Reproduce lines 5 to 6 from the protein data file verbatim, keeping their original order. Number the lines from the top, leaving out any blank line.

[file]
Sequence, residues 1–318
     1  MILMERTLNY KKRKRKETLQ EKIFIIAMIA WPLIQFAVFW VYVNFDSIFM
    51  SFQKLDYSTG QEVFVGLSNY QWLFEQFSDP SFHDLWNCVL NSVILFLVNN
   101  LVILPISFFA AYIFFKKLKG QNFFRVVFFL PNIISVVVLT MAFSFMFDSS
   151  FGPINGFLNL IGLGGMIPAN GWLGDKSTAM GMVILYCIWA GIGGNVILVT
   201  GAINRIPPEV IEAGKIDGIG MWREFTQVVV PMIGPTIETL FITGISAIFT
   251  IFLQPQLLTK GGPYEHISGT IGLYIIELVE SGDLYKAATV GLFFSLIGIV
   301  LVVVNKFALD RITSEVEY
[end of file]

   151  FGPINGFLNL IGLGGMIPAN GWLGDKSTAM GMVILYCIWA GIGGNVILVT
   201  GAINRIPPEV IEAGKIDGIG MWREFTQVVV PMIGPTIETL FITGISAIFT